Research shows that there is a link between the two.

While there are many factors that manifest in rosacea, a facial flushing condition, research shows there's one unexpected connection—and it involves your gut. Understanding how to keep blushes and pesky pimples at bay begins with addressing this connection. To help you do so—and combat the facial condition from the stomach up—we tapped a gastroenterologist and a dermatologist to share their thoughts. Ahead, exactly how your gut health plays into the rosacea equation.

Rosacea is linked to a higher prevalence of gastrointestinal disease.

"The microbiome has connections with many different kinds of skin conditions—and rosacea is one of them," says Dr. Marvin Singh, integrative gastroenterologist and founder of Precisione Clinic. "We know that certain foods may act as triggers for exacerbations. We also know that data shows a higher prevalence of rosacea in those with small intestinal bacterial overgrowth (SIBO), and that treatment of SIBO could possibly result in an improvement in rosacea. This further supports that optimizing gut health (and microbiome health) can contribute to improvements in rosacea."

Treat the gut to treat your skin.

No matter the problem, says Dr. Singh, healing the gut should always be your first priority—especially since your microbiome impacts the health of your entire body. "One of the biggest triggers we would be looking at for a rosacea patient is poor diet. We want to optimize the diet, and focus on fiber-rich prebiotic foods and probiotic foods, and we want to avoid sugars, refined flours, sodas, vegetable oils, packaged and processed foods and meats, hydrogenated fats, and other pro-inflammatory foods." Just as important? Avoiding toxins, such as alcohol, tobacco, heavy metals, and pesticides; ultimately these factors can impact the balance of the microbiome, too, he notes.

Take a multi-pronged approach to treatment.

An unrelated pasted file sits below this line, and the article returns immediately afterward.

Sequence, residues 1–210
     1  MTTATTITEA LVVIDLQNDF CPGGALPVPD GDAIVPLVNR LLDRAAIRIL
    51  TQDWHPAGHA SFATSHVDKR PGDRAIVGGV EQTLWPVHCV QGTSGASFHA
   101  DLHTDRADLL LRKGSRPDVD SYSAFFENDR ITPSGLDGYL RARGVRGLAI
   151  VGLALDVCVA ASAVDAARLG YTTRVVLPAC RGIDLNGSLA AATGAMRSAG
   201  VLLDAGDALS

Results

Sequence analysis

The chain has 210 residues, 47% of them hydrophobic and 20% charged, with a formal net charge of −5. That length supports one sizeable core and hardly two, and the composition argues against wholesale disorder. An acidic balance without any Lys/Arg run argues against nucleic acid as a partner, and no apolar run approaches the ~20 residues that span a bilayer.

Healing your gut won't necessarily erase your rosacea symptoms, since other lifestyle factors also inform the condition, says dermatologist Dr. Annie Chiu, founder of The Derm Institute. "For example, immediate rosacea flares can be seen as a reaction to spicy foods, hot beverages, and alcohol," she says. "Taking care of the external skin will also result in a more immediate improvement of your rosacea, as microbiomes on the skin contribute to a healthy skin barrier. Using gentle products that do not disrupt, but instead build up that barrier—look for ingredients like ceramides, which will calm the redness associated with rosacea—is just as imperative. "Over-the-counter products that contain sulfur can also help if you can't get to a dermatologist for prescription-strength care," notes Dr. Chiu.

Avoid your triggers.

Ultimately, rosacea is a culmination of many bodily disruptions. Dr. Chiu says that there are a "confluence of factors," ranging from the environment, your emotions, and hormones to genetics and general lifestyle. This means that it may not always be possible to avoid flares entirely—but managing your triggers, once you identify them, can make the ailment more controllable overall.


Be the first to comment!